In order to better understand how electric roads are affected by varying weather conditions and climate zones, the electric road in the Evolution Road project will now be winter tested in Kramfors, Norrland. Important knowledge about, among other things, mechanical durability, snow removal and friction is expected to be learned from the winter tests.
– Testing how the electric road’s properties are affected by snow and ice in a colder climate is important knowledge in our project. These are tests that could not take place in Skåne’s mild climate, says Anna Wilkens, innovation leader from Innovation Skåne.
– We are looking forward to finding out how the technology copes with the more challenging weather and ground conditions out on public roads in the north, says Sofia Magnusson, project manager at the Swedish Transport Administration.
Forty meters of electric road will be installed at the beginning of October on road 333 outside Kramfors in Norrland. Here, among other things, they will test how frost and ice affect the lifespan and settlement of both the electric road rails and the road, investigate robustness in terms of mechanical impact from snow removal and ice scraping, and test the friction over time.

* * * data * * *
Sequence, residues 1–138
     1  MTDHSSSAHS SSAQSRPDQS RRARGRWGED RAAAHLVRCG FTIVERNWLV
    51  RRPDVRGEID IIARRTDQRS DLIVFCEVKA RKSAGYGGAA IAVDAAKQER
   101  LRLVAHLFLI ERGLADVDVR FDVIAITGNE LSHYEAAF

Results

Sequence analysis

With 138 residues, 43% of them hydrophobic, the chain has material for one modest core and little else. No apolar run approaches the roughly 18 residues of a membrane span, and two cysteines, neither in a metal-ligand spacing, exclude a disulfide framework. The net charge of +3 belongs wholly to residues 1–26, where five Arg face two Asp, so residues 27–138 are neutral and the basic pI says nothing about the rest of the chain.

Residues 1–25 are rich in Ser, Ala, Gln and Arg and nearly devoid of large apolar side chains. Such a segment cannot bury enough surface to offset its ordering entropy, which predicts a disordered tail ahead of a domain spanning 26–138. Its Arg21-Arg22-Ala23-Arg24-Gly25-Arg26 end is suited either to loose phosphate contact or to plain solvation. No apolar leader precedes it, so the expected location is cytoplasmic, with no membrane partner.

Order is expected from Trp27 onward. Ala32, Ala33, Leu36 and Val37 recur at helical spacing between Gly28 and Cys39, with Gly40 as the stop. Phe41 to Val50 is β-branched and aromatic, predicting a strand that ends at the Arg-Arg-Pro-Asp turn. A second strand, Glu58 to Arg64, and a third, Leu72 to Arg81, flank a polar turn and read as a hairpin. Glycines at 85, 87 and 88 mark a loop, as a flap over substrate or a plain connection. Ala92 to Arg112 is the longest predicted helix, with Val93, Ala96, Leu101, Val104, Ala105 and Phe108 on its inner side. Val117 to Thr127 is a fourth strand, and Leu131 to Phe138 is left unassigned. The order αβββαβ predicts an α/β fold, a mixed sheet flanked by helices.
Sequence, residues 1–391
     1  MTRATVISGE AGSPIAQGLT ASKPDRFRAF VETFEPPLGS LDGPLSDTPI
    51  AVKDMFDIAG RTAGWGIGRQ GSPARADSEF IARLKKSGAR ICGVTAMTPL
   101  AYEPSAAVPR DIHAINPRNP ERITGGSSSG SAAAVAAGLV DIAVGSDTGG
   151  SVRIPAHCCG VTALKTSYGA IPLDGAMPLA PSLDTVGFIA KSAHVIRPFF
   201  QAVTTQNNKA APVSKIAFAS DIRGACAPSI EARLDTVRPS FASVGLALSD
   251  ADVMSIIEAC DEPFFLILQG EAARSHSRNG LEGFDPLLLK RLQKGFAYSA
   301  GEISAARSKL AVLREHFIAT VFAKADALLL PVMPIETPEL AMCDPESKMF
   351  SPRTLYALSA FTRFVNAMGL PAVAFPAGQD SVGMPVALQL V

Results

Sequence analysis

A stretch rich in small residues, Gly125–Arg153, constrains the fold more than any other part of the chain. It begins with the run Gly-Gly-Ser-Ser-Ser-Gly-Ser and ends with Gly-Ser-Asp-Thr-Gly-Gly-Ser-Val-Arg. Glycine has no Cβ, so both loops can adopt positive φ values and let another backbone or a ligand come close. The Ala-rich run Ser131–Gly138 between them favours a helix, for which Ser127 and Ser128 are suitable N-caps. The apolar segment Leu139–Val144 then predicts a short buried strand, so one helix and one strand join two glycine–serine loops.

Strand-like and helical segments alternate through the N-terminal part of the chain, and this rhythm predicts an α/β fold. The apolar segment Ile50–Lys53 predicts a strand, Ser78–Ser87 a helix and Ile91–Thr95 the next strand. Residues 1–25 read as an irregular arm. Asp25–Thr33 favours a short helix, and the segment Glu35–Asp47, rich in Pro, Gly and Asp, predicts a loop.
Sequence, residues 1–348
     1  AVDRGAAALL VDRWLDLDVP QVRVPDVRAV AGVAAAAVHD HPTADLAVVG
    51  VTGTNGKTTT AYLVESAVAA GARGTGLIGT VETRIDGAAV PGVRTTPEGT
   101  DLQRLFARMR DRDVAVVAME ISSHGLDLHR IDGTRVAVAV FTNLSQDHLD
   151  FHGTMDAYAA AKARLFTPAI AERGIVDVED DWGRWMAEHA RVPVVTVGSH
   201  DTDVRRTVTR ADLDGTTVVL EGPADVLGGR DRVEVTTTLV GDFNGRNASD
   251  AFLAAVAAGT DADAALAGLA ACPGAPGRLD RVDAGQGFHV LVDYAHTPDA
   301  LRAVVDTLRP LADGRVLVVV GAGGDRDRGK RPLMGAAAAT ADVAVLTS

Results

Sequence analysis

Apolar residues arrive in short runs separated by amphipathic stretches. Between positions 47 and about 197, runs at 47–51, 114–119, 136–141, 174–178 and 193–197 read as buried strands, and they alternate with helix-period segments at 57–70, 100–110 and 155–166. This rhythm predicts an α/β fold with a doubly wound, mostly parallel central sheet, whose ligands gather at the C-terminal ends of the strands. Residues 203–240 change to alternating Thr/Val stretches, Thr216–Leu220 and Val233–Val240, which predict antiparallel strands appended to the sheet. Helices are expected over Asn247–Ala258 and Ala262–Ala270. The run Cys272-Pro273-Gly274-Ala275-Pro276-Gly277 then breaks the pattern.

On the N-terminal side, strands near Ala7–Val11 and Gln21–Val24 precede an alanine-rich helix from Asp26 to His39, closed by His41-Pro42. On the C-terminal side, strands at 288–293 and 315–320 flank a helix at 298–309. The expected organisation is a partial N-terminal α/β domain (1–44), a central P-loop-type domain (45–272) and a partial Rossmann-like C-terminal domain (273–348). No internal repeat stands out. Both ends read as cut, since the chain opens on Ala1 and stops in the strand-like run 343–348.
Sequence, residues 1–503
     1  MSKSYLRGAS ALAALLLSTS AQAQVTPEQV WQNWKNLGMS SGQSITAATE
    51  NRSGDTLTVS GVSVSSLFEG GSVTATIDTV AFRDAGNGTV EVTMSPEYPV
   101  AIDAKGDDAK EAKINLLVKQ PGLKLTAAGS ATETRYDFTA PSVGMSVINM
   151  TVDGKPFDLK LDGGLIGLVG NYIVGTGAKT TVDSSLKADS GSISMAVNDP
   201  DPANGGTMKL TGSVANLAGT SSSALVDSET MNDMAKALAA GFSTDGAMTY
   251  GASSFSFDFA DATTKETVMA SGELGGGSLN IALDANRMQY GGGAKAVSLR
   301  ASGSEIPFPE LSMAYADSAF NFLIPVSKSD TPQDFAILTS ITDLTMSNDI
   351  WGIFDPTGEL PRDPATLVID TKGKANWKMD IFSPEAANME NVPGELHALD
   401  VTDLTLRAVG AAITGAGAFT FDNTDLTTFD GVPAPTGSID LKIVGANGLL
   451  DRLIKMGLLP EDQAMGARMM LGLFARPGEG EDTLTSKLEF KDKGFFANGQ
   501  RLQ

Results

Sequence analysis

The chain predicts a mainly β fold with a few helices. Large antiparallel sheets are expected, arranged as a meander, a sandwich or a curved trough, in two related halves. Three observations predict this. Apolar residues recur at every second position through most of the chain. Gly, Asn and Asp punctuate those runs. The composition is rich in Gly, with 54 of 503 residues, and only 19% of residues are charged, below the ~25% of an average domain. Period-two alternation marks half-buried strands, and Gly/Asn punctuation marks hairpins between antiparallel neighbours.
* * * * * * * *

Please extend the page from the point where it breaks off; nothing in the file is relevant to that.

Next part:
The tests continue until spring 2024 and are carried out by Elonroad, Ramboll and VTI. The tests are carried out on a public road, which is open to traffic throughout the test period. Since the focus of the tests is not charging, the electric road outside Kramfors is passive, which means that the electricity is not connected.
About electric roads
Electric roads is a charging infrastructure for electric vehicles which means that the vehicles can charge while driving and thus do not have to stop to charge the batteries. With electric roads, significantly smaller batteries are required in the vehicles with advantages such as less environmental impact and lighter vehicles.
The electric road being tested in the Evolution Road project is a conductive ground-based solution, which means that the vehicle has direct contact with charging rails on the road via a pantograph. The technology is developed by the Swedish company Elonroad AB in collaboration with Lund University of Technology.
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